Dress code wouldn't fly at Hogwarts

June 24, 2003|by TIM ROWLAND

Summer reading season is here, and as a person who is supposed to be on the cutting edge of pop culture, I feel obligated to read at least one of the two summer blockbusters, which are the stories of Harry Potter and Hillary Clinton.

Choosing between the Wizard and the Lizard is not going to be easy. I'm not real keen on wild, phantasmal flights of fantasy, witchcraft, sorcery and fairy tales. And to be perfectly honest, I'm not that excited about the Harry Potter book, either.

If someone put a gun to my head, though, I probably would go with Hillary. That's because I have a tendency to like strong women - and I don't understand men who fear them.

If women would run the world, leaving us men free to fish and watch sports on TV, I'd be so comfortable.


Failure to read Harry Potter, however, means that I will be out of touch with all the kids of the world. As if I could be more out of touch. So to "throw the kids a bone" and show them I am "hip" and "cool," I will do something that is much easier than reading a book: I will publicly come out against the Washington County School Board's new student dress code.

The dress code will ban see-through shirts, bare feet, bandannas and "excessively baggy pants that fall off the hips."

You have to love a policy that outlaws feet. And bandannas? What's Rin Tin Tin going to do?

To be fair about it, I think board members ought to be forced to wear the items they take away from the kids.

Memo to Washington County's middle and high school boys: In the rest of the nation, excessively baggy pants that fall off the hips went out of style about two years ago. I know that Washington County as a whole is fashion-challenged, but it's over. No one, save on a few living-in-the-past TV shows, is wearing them but you.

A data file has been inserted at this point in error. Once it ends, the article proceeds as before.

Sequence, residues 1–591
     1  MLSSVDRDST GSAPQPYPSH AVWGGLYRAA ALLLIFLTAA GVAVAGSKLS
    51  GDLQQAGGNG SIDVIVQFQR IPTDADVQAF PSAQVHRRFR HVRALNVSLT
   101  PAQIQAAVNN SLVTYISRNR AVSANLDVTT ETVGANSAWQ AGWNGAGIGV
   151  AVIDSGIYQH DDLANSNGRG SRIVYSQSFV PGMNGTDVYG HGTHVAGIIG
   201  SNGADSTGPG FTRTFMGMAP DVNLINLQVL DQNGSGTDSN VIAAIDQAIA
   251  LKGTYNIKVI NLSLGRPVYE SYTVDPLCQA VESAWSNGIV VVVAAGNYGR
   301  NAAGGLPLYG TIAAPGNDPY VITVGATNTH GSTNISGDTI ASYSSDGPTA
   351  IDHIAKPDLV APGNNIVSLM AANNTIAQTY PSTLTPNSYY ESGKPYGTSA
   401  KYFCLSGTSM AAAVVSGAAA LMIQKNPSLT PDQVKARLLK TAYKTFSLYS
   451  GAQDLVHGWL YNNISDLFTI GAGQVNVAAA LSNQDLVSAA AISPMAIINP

Speaking of fashion - Houston, we have a problem. Or more accurately, School Board member Bernadette Wagner has a problem.

The board is outlawing bandannas, but I do not believe I have ever seen Ms. Wagner when she wasn't wearing a bandanna around her neck. Always a very tasteful bandanna, I hasten to add (I don't want to get a gavel over the old bean), but a bandanna nonetheless.

Come to think of it, I'm not sure I've ever seen a female school board member, state or local, who wasn't wearing a bandanna. Must be some sort of national law. Now I realize this presents the danger of touching off a deep, philosophical debate over the differences between a "bandanna" and a "scarf," but to me it's semantics. So bro, if you want to show up for third period math class wearing a do-rag, just make sure it's made out of silk and it will be real tough for them to get a conviction.

Among other things, the board has nixed "pants that do not cover undergarments at all times." I realize what they're trying to accomplish, but technically, they've just made it illegal to visit the men's room.

And "shirts that show cleavage?" The elected board better hope that Washington County school boys don't grow up to vote - which of course they don't. Again, I understand, but I'm glad this rule didn't come along when I was in school. Remember all those findings that "proved" high school girls were better able to concentrate on their studies than high school boys? To me, the only thing it proved was that the school system hadn't gotten around to banning halter tops.

And it gets worse. On the southern exposure, girls cannot wear "skirts that do not cover the mid-thighs when seated or do not extend to the fingertips when standing."

This is going to have some major, major consequences in school subculture. The main one being that the first girls asked to the prom are going to be the ones with really short arms.

Tim Rowland is a Herald-Mail columnist.

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